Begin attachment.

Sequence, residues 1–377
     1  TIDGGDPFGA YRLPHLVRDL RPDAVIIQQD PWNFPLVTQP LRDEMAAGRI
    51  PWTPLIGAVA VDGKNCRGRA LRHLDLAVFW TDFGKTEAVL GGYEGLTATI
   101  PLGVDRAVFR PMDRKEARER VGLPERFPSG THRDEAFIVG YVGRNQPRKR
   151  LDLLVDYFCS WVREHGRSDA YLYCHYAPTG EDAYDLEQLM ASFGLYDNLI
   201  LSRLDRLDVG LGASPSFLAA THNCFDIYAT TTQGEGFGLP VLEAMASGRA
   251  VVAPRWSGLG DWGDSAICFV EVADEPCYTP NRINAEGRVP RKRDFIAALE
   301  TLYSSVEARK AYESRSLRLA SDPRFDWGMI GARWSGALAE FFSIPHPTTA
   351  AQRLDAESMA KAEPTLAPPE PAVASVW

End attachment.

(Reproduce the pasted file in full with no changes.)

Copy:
Sequence, residues 1–377
     1  TIDGGDPFGA YRLPHLVRDL RPDAVIIQQD PWNFPLVTQP LRDEMAAGRI
    51  PWTPLIGAVA VDGKNCRGRA LRHLDLAVFW TDFGKTEAVL GGYEGLTATI
   101  PLGVDRAVFR PMDRKEARER VGLPERFPSG THRDEAFIVG YVGRNQPRKR
   151  LDLLVDYFCS WVREHGRSDA YLYCHYAPTG EDAYDLEQLM ASFGLYDNLI
   201  LSRLDRLDVG LGASPSFLAA THNCFDIYAT TTQGEGFGLP VLEAMASGRA
   251  VVAPRWSGLG DWGDSAICFV EVADEPCYTP NRINAEGRVP RKRDFIAALE
   301  TLYSSVEARK AYESRSLRLA SDPRFDWGMI GARWSGALAE FFSIPHPTTA
   351  AQRLDAESMA KAEPTLAPPE PAVASVW